China’s economic activity rebounded moderately in the first two months of the year, with industrial production and retail sales growth falling short of market expectations, underscoring the lingering scars from the country’s once-stringent Covid restrictions.
Industrial output in January-February rose 2.4% on year, up from a 1.3% increase in December, the National Bureau of Statistics said Wednesday. The reading was lower than the 2.8% growth expected by economists polled by The Wall Street Journal.
China combines major economic indicators in the first two months of the year to avoid distortions from the different timing for the Lunar New Year holidays when business operations are suspended with workers heading home for family reunions.
Retail sales, a major gauge of China’s consumption, increased 3.5% on year in the first two months, higher than the 1.8% fall in December, but lower than the 4.0% growth expected by surveyed economists.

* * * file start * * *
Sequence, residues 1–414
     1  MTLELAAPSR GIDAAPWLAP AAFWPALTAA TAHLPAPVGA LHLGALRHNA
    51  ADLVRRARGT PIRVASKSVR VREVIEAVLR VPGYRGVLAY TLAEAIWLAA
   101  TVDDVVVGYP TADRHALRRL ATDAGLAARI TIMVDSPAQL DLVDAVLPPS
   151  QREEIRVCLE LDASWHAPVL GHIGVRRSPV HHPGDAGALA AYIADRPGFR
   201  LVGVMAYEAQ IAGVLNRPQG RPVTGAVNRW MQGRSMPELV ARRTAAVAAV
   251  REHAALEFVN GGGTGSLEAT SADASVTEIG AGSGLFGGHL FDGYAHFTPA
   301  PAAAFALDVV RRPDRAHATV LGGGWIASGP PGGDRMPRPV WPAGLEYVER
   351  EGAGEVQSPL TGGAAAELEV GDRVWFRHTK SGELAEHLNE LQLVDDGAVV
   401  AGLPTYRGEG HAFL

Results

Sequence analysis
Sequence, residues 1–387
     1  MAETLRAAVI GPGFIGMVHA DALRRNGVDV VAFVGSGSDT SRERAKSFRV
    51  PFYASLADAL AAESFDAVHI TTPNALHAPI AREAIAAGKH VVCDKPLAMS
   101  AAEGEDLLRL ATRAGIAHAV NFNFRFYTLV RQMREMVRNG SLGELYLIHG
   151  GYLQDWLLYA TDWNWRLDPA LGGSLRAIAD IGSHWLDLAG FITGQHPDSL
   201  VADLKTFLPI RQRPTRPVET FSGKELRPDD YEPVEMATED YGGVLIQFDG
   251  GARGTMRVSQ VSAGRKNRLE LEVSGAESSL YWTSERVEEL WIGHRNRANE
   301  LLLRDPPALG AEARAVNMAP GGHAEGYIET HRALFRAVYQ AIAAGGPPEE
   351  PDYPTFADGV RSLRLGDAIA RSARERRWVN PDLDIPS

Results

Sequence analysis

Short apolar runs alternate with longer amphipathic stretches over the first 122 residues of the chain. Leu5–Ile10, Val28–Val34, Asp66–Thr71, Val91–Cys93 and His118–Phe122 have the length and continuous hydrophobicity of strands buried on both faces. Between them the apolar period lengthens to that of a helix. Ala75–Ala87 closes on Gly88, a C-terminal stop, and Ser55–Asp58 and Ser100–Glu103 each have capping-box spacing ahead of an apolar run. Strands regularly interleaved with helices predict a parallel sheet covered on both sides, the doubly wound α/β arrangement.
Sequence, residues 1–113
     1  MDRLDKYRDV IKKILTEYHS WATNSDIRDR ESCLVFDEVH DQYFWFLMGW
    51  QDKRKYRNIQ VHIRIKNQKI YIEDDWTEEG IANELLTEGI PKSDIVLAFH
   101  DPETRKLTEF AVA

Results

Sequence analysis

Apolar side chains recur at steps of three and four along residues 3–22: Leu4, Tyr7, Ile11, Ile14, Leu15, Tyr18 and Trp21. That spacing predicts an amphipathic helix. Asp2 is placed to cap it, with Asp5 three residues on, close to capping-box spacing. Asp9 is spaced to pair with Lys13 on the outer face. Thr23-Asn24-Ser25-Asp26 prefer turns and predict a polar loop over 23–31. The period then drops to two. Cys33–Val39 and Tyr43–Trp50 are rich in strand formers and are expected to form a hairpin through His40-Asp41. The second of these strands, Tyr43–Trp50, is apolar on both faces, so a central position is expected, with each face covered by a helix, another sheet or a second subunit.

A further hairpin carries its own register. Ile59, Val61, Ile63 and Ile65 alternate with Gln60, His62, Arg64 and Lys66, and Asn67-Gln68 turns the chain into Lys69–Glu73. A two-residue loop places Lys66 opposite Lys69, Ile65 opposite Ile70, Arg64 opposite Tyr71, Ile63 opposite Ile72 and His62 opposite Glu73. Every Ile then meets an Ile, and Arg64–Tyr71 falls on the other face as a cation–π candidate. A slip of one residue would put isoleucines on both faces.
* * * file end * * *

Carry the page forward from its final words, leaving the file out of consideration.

China’s fixed-asset investment rose 5.5% on year in January-February, higher than the 4.5% expected by economists and the 5.1% increase recorded in 2022.
China’s surveyed unemployment rate in urban areas stood at 5.6% in February, higher than the 5.5% rate in January, the statistics bureau said.
This article was originally published by Marketwatch.com. Read the original article here.